The Magic of Mushrooms

Food has been used as medicine for millennia, but only recently is scientific research actually backing up the ancient claims about the healing properties of food.  Finally, those who needed scientific proof that real food is good for you, can join those of us who trusted nature all along.

One medicinal food that I think is just purely magical are mushrooms.  They are often thought of as a vegetable, and are generally prepared like one but mushrooms are actually fungi.  That’s one reason I think they are magical.  Fungi are organisms that have no roots, leaves, flowers or seeds, and if you want to be technical about it mushroom aren’t even plants because they don’t need soil or light to grow.  Mushrooms can grow anywhere that there is decaying organic matter.

The rest of the magic comes from the many healing benefits that they offer.  Mushrooms are reported to have immune boosting properties, anti-ulcer and anti-cancer properties and have a protective effect on the digestive system and the cardiovascular system, they also have antioxidant and anti-inflammatory properties which can benefit may body systems.

There are so many foods that are highly nutritious and super health promoting but if they are too exotic to be easily found then they will most likely not be finding a place at our table.  That is the case with mushrooms, there are many medicinally proven and health promoting varieties, some of which are difficult to find and can be expensive to purchase.  The following are my favorite, readily accessible varieties of mushroom.

Three Favorite Mushroom Varieties

Shitake

Also known as Black Forest Tree Mushroom  

Shiitake is the second most cultivated edible mushrooms in the world. Skiitake mushrooms have many health promoting properties.  They help combat harmful bacteria, parasite and yeast over growth in the body thus promoting healthy gut function.  They have also been shown to reduce cholesterol and can help lower blood pressure.  Shitake contains a two specific molecules that have been shown to have anti-tumor and anti-cancer properties, AHCC (Active Hexose Correlated Compound) and Lentinan. These compounds also promote a healthy immune system.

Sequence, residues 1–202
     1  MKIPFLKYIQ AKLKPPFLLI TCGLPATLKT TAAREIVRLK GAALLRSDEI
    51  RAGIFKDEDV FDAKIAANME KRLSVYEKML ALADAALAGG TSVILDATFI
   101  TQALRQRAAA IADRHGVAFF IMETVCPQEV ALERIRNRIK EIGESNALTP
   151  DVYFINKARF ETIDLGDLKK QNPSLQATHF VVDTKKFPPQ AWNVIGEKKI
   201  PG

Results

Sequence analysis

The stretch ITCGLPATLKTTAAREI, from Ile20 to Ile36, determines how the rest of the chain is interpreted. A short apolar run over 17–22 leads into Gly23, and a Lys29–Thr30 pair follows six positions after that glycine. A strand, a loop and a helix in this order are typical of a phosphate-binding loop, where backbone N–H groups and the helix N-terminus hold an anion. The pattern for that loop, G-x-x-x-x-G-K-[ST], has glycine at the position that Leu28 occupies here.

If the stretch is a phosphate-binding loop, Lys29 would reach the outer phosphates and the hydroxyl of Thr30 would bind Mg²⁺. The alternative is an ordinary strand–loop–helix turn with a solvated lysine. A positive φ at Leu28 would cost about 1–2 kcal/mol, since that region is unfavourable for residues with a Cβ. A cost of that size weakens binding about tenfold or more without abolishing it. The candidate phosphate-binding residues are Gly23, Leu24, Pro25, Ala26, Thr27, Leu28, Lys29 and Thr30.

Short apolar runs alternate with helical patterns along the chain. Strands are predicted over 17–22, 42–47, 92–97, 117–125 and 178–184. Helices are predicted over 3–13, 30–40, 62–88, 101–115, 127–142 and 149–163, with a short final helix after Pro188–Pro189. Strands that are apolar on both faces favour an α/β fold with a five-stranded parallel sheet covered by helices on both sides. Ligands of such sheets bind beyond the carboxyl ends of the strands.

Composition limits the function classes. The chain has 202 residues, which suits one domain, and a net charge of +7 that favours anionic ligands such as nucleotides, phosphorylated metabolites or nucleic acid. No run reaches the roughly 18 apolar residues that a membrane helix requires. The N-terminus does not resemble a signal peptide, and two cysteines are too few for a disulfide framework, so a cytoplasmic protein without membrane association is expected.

What do they look like:

Shiitake mushrooms have brown, slightly convex caps that range in diameter from about two to four inches in diameter and may have long slightly curved stems.  Look for mushrooms that are firm, plump and clean. Those that are wrinkled or have wet slimy spots should be avoided.

Where to find Shiitake:

Available fresh and dried in many grocery stores or Asian food stores in your area. Because mushrooms can grow on any decaying biological matter it is important to buy organic mushrooms.

How to store Shiitake:

The best way to store loose mushrooms is to keep them in the refrigerator in a loosely closed paper bag. They will keep fresh for about one week. Dried mushrooms should be stored in a tightly sealed container in either the refrigerator or freezer where they will stay fresh for six months to one year.

Cleaning mushrooms:

Mushrooms are like little sponges, they’ll suck up any moisture. Don’t wash or soak them in water or they’ll get water logged. Instead, clean them by gently brushing them with a pastry brush or a slightly damp clean towel.

Maitake

Also known as Hen of the Woods.

Maitake is becoming a more popular variety that is also more readily available.  One of the reasons for its popularity is its wonderful rich, savory flavor.  This flavor is attributed to the fact that Maitake contains L-glutamate, a natural flavor-enhancer that provides umami the “fifth taste.”

Maitake is one of the major mushrooms in Japanese cooking.  The medicinal properties and benefits of these mushrooms include; boosting immune function, improves blood pressure and cholesterol affecting the overall health of the cardiovascular system.  Studies have also found that it contains properties that activate natural killer cells, and cytotoxic t-cells that attack tumor cells. That means they can restrict the bloods cells that feed tumors and reduce the spread of cancer.